So, Oprah, please stay where you are. And with the help of the Lord, you will continue to dance some more ... and then soar.
Charles Rangel to speak
The community is invited to hear retired U.S. Rep. Charles B. Rangel speak 9 a.m. Sunday at the Church of the Incarnation, 1835 NW 54th St. in Liberty City, as the congregation celebrates the 30th annual Dr. Martin Luther King Jr. Worship service.
Rangel, one of the longest serving members Congress, represented upper Manhattan for 46 years. A native of Harlem, he is a graduate of New York University and St. John’s University School of Law.
Known for his colorful personality, the former congressman was the founding member of the Congressional Black Caucus, which began with 13 members, and now has approximately 50 members. Rangel was also responsible for the African Growth and Opportunity Act and the Empowerment Zone Act. During the Obama years, he sponsored more legislation than any other representative.
The congressman served in the U. S. Army during the Korean War and was awarded the Bronze Star and the Purple Heart in 1950. He retired early 2017 and lives in Harlem with his wife, Alma.
This year’s worship service also commemorates the 50th anniversary of King’s death. A reception will follow the service in the J. Kenneth Major Hall.
Monday marks the 180th anniversary of two 1838 battles that changed the history of Palm Beach County and the nation. Commemorating the anniversary, the annual Seminole Maroon Spiritual Remembrance ceremony will be held 10 a.m. to 3 p.m. at historic Loxahatchee Battlefield Park in Jupiter.
This is significant to African Americans who might not be aware of their role in the Florida/Seminole history. Survivors of the battles would later be lured to Fort Jupiter under a white flag of truce, where they were captured and departed on the Trail of Tears to present-day Oklahoma. Many of their descendants still live there, with branches also in Texas and Mexico. Some were turned over to “slave catchers” as “recaptured runaways” and taken north into the southern states to be sold.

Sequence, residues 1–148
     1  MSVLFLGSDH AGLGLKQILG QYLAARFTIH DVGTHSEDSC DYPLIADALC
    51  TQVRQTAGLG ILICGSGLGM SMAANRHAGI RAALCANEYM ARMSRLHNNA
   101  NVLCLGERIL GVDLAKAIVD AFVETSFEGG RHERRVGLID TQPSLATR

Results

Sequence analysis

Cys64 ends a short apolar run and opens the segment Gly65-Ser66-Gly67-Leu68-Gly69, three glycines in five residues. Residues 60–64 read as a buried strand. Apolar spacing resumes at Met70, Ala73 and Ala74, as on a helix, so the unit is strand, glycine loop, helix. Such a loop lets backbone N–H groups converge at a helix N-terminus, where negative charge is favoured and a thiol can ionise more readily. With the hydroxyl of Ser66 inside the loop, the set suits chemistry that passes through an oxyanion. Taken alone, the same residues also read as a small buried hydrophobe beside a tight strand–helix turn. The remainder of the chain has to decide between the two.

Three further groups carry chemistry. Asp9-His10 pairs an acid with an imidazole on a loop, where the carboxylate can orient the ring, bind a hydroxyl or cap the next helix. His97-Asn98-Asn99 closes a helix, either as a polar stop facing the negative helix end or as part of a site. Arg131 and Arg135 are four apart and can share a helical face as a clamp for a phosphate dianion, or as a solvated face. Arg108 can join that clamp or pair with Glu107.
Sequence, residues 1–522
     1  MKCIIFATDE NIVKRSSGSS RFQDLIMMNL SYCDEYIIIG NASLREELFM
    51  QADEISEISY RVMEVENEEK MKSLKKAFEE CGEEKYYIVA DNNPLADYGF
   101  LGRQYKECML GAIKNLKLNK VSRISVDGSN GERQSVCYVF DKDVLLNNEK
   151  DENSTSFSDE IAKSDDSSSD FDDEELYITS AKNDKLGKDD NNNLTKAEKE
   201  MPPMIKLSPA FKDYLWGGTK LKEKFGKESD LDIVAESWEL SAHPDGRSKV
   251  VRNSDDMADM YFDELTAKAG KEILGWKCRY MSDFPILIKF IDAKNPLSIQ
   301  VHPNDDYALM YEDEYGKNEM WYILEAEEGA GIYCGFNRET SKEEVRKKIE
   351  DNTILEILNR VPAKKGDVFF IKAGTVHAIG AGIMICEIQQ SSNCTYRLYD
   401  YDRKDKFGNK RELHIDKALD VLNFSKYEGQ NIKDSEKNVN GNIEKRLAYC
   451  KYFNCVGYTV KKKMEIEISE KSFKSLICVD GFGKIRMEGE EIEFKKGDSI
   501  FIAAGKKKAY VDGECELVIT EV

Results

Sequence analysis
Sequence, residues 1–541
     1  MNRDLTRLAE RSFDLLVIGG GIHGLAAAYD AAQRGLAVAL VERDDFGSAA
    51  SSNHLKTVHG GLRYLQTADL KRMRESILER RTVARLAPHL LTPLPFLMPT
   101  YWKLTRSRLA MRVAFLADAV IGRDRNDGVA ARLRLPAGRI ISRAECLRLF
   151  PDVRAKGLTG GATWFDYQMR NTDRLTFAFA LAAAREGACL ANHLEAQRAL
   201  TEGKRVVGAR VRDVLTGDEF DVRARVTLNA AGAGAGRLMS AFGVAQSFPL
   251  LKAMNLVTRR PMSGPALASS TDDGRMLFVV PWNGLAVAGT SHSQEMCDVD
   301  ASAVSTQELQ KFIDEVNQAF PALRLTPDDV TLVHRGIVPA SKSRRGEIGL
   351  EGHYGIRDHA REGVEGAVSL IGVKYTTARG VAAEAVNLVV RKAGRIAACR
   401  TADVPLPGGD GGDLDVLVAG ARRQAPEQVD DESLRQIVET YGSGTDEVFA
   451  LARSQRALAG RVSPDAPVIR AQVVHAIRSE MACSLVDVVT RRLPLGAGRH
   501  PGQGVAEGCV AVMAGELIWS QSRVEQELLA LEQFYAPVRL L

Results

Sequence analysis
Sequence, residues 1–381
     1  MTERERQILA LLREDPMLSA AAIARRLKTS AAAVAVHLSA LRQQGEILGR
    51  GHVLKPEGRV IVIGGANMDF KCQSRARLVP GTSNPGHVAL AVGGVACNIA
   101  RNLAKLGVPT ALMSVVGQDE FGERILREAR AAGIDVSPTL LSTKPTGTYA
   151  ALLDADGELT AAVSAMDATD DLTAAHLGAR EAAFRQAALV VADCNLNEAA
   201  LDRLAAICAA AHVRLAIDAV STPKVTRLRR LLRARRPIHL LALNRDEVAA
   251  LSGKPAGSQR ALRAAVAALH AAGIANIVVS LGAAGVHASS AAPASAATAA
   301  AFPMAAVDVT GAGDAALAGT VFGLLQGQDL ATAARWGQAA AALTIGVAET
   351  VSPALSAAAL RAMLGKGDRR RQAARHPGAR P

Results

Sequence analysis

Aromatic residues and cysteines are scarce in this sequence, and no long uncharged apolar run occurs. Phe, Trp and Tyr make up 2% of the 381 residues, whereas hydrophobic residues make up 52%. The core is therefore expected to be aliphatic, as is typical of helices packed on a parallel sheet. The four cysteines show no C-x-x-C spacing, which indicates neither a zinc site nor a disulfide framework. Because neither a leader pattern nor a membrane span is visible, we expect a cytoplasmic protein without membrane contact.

The event is presented by the ‘Florida Black Historical Research Project and seems to be a great event for families with children, especially black families. For more information, call 305-772-7714, 305-904-7620 or go to www.fbhrpinc.org.
Zora Neale Hurston Festival
There’s still be time for you to purchase your space on the bus that is leaving Jan. 27 for the annual Zora Neale Hurston Festival in Eatonville, Florida.
Sponsored by Booker T. Washington Alumni Class of 1960, the one-day round-trip event costs $85 per person and includes bus transportation, complimentary refreshments and festival admission. The cost for children ages 6 and under is $60 per person.
Buses will depart from Golden Glades Terminal (North Parking lot) at 6 a.m. and will depart from Eatonville after the show.
If you go, you will need to bring a portable chair and a light sweater or jacket. No outside food, beverage or ice coolers will be allowed at the festival.
For more information, call Cornelia Sands, 305-621-6412; Ramona Exum, 305-625-2961, or Jimmie Knowles, 786-356-2282. Proceeds will benefit the BTW Scholarship Fund.